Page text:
Urdu, a Victim of Partition
By Aijaz Zaka Syed

 

I am not much of a talker — never been one.

And my wife never lets an opportunity pass to rub it in. While I read or endlessly flip television channels, her reproving glances drill holes in my whole being, for both not talking and not paying attention to whatever she’s saying. Lately, her focus has shifted to the kids. She thinks even they have locked her out of their universe, babble as they all the time do in that “stupid, firangi language.”

She keeps “shush”ing them, imploring them to speak in Urdu, their mother tongue. They reluctantly start off in the Deccani flavored Urdu but trail off soon, unconsciously switching to Queen’s English once again. It seems to come naturally to them. She keeps lamenting the fact that our children cannot read, write or even speak in the language that we are so proud of. I couldn’t agree with her more although we seldom find ourselves on the same page on most of life’s absurdities.

In fact, it’s an issue that has had me worried for years now. As a student of literature and linguistics, I know that a language is not just a language. Like one’s beliefs, it defines one’s culture, identity and consciousness. It defines how we think, communicate and express ourselves.

Considering Urdu’s blood ties to the Arabic and Persian and the fact that most South Asian Muslims have come to know Islam by way of Urdu, the kids’ alienation from the language that connects them to the heritage of their parents and grandparents is disturbing. My children’s disconnect with Urdu is all the more painful because my own love for the language has been inherited from my father, an accomplished poet and author of numerous collections of short stories. I grew up attending “mushairas” (poetry sessions) with my father and singing gazals with my uncles and cousins.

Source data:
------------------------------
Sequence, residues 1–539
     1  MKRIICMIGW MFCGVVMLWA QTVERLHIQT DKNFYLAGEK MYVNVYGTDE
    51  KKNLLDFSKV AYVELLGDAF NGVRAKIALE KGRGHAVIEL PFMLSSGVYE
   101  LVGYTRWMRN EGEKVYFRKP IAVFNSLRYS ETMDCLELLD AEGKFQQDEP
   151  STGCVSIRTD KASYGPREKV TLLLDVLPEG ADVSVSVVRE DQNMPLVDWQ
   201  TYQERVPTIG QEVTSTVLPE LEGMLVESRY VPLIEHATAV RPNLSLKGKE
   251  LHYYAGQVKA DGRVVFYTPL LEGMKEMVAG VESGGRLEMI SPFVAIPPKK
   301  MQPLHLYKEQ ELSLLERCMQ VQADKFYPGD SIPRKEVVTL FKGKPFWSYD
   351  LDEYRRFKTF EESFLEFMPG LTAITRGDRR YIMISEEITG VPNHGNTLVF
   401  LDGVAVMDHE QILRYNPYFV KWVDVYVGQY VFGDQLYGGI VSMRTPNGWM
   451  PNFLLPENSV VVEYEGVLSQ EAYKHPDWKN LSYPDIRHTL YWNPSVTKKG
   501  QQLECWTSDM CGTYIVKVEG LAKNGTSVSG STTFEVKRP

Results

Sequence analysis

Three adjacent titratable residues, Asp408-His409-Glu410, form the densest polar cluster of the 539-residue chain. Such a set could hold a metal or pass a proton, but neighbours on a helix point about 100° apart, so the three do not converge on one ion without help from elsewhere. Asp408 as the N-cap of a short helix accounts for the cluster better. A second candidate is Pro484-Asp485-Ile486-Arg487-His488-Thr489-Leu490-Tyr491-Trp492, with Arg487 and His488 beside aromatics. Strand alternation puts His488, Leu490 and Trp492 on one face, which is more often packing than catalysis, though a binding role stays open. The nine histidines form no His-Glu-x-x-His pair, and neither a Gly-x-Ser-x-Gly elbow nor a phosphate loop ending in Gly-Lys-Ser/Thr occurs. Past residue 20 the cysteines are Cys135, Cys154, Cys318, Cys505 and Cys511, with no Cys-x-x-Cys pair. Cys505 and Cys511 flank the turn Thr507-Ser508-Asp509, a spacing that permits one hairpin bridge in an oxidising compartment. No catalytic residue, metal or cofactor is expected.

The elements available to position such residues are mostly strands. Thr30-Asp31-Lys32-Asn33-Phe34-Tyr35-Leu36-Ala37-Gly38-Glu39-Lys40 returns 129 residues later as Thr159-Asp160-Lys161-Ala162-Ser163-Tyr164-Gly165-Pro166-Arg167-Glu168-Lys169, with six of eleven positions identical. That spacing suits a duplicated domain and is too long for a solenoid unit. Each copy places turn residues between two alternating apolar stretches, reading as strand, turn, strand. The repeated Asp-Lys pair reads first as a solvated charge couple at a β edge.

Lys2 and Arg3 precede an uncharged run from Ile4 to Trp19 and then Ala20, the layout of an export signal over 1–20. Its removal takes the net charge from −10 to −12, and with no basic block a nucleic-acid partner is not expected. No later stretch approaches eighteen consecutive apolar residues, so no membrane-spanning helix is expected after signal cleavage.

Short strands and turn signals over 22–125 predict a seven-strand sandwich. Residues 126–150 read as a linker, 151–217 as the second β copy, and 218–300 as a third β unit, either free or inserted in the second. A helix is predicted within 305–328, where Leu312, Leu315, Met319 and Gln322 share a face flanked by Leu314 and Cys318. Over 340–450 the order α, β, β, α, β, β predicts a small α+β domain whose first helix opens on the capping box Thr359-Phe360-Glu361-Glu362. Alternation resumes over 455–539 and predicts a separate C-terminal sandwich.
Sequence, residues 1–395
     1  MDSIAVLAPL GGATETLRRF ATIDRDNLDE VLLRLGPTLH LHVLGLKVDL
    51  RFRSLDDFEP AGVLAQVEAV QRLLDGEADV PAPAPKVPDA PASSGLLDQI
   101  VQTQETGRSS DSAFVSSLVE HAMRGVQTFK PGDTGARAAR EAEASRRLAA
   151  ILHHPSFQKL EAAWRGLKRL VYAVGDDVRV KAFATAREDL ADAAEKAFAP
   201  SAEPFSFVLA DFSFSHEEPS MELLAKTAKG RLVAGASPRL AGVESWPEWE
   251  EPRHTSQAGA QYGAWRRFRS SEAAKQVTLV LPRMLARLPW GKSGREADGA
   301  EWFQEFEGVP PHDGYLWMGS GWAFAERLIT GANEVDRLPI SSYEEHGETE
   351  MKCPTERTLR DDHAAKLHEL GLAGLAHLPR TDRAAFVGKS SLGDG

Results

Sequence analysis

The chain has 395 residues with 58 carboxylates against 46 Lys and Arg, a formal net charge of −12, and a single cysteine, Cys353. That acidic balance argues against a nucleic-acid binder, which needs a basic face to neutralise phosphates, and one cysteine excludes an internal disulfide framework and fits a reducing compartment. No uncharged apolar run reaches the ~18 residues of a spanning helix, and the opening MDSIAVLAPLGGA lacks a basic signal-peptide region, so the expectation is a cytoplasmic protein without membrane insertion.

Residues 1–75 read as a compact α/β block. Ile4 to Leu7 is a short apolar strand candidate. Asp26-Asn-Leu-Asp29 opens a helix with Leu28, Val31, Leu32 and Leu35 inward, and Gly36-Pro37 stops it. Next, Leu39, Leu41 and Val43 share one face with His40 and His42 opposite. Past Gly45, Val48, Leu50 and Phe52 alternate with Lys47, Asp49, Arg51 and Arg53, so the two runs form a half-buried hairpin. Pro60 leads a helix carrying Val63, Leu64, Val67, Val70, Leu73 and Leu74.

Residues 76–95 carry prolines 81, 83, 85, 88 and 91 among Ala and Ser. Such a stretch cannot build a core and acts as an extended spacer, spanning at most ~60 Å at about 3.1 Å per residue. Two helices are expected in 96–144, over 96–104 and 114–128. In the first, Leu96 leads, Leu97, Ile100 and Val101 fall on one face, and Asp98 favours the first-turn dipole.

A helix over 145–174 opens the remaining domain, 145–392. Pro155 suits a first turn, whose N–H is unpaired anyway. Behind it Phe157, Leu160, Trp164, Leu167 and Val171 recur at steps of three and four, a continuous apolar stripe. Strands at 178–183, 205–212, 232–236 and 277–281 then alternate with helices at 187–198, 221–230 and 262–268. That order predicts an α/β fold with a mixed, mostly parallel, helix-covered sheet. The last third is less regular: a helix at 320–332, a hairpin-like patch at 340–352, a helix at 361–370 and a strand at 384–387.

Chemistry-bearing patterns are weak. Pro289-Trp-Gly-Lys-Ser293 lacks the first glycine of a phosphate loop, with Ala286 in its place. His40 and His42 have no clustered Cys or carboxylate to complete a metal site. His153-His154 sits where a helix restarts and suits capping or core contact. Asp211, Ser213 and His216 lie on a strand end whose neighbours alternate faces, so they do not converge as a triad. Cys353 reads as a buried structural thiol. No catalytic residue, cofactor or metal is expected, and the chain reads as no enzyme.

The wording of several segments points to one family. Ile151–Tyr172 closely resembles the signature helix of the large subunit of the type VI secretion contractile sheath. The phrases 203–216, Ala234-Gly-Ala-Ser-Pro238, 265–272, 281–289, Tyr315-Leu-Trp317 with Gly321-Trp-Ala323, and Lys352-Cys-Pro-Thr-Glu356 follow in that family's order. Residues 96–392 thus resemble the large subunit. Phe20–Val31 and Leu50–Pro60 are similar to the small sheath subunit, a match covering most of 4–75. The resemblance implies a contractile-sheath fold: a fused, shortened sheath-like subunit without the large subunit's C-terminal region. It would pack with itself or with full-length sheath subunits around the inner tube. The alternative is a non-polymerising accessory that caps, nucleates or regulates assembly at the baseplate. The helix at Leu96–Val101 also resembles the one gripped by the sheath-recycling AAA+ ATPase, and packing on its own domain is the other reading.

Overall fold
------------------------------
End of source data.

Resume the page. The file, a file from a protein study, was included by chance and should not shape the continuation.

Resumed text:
Defying the prevailing social trend, my father didn’t send me to a convent but a seedy government “Urdu medium” school in the neighborhood. There were few teachers available to “manage” a class of over a hundred students. Prolific in both Urdu and English and a translator of Shelley’s poetry, my dad believed that you’ve got to know your mother tongue well if you are to master any other language. By the same logic, when you approach a subject in the language you grew up speaking at home, you learn it well.

Even though my “experiment” with Urdu education had to be abandoned midway thanks to the appalling condition of my school and I somehow ended up doing masters in English literature, my heart still beats for the language that is easily one of the finest and richest on the planet. For all my pretence to master an alien language and make a living out of it, I am still hopelessly besotted with Urdu. Yes, I love the language of Shakespeare, Keats and Dickens and I don’t know what I would have done if I hadn’t studied literature at university and taken to journalism. There are times though when I feel as if I’ve betrayed my first love, the language of Ghalib, Iqbal and Faiz.

This sense of betrayal only deepens when one sees the condition of Urdu in the subcontinent and around the world. Abandoned by its own and denied its rightful place by successive governments, the language is dying in the land of its birth. One of the many unintended consequences of the partition has been the total marginalization of Urdu in India. The language that was born in South Asia as a result of the extraordinary encounter between Islam and Indian civilization has few takers today in the land that was/is its home. Once the universal appeal of Urdu stemmed from the fact that it was an ethereal and earthy blend of Arabic, Persian, Sanskrit, Turkic — all rich, ancient languages — and the Prakrit or khadi boli, the folksy dialect spoken and understood across much of the undivided subcontinent.